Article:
All Quiet on the Northwestern Front
So, it’s late morning here in Lithia, Florida, on Friday, March 31, 2023. Another week, and another month, and another quarter of a year, have ended.
I don’t have much in the way of news; the house in Brandon is still being remodeled and renovated, and since the owner and my caregiver are not involving any contractors – to save money, mostly – it’s going more slowly than they anticipated. When I was told in early November that I was going to move from here to “my” new place, the expectation was that it would be before my 60th birthday (March 5).
Well, March 5 came and went – in one of the most underwhelming “landmark birthdays” I’ve observed – and I’m still here.
So, all is quiet on the northwestern front, for now.
The only other bits of personal news are related to writing.
First, the last tweak on Reunion – the novella that I wrote way back in 1998 and self-published 20 years later via Amazon’s CreateSpace Independent Publishing and Kindle Direct Publishing – has been “live” on Amazon (and the online version of Barnes & Noble) for about a week. I adjusted the layout and color combination of the print edition’s cover a bit; it’s not perfect, mind you, but the text stands out a bit more against the shadowy areas of the illustration and should be easier to read now.
I wish the image on the book’s Amazon product page would show the new cover I chose for the second revised edition instead of the original art from 2018. Kindle Direct Publishing warned me that changes to the product page – essentially, the place where potential readers will see it and decide whether to buy a copy – takes longer than it does for edits to the content. Ideally, it’s supposed to be between 5 days to a week, but so far, I still see the 2018 cover and not the 2023 one.
(The Kindle e-book edition’s cover was changed too, but only once. I only messed with it once, while the cover on the print edition has been revised at least twice. So, maybe that’s why?)
Reading Time vs. Writing Time – My Daily Struggle with Time
Second, I’m still trying to accommodate “reading time” and “writing time.” As you know, my Tampa Bay area routine is different – and how! – from my routine in South Florida. I used to read more there than I do here, partly because my daily schedule depends on that of others here, but mostly because I have never found the perfect reading spot – aside from the bathroom, which paradoxically has the best lighting but otherwise is not recommended.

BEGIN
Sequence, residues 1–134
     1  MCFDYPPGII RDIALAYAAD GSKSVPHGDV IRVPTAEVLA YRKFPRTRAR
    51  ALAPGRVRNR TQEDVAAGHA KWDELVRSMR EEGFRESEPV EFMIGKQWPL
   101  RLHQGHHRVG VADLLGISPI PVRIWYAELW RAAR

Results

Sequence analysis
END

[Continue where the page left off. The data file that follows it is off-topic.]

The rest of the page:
To be a writer, there are two things you must do every day: read a lot and write a lot. Most of the books that dispense advice about how to become a writer all agree on this. You can’t skip these two steps, Kemosabe. I’ve seen quite a few self-published authors who apparently read one book by, say, the late Tom Clancy, said to themselves, “Shit, man! I could write something like that,” and then upload a crappy, messy “novel” filled with errors, malapropisms, and cliches that is, at best, an unreadable carbon copy of the Clancy novel that “inspired” them.
As Stephen King says in On Writing: A Memoir of the Craft:
“Good description is a learned skill, one of the prime reasons why you cannot succeed unless you read a lot and write a lot. It’s not just a question of how-to, you see; it’s also a question of how much to. Reading will help you answer how much, and only reams of writing will help you with the how. You can learn only by doing.”
If you’re a regular visitor to this space, you know that I write every day. Even if it’s just a 17-syllable haiku, I post on A Certain Point of View, Too at least once a day. (The current blog post counts no longer reflect that because I had to self-censor my blog in order to keep the peace with certain people but trust me on this: this blog had roughly 244 posts more in early January than it does today.)
I read every day, too. Most of that reading, though, is online, and in bite-sized pieces rather than in the full-course style of sitting in a designated reading room with a good novel, reference, how-to, or history book.
To some people, especially younger folks who are more at home in the digital age because that’s all they’ve known about, that’s fine.
To me, though? Nope. It’s not enough. But time management is not my forte – it’s been decades since I’ve had the structured life of a student in high school and college, after all – and I find it challenging to decide how to divide the daytime hours into “writing time” and “reading time.”
Maybe once I move to Brandon and I find my “perfect reading room” at the new place, I will resolve that issue. Now, though, I must choose between reading and writing, and because I’m so used to writing when I have most of my little gray cells fired up and running, the latter always wins out. (It’s also the “where the heck do I read?” thing, but it’s mostly the time-management one.)
So as much as some of you are looking forward to reading my next tale, you’re just going to have to be patient.
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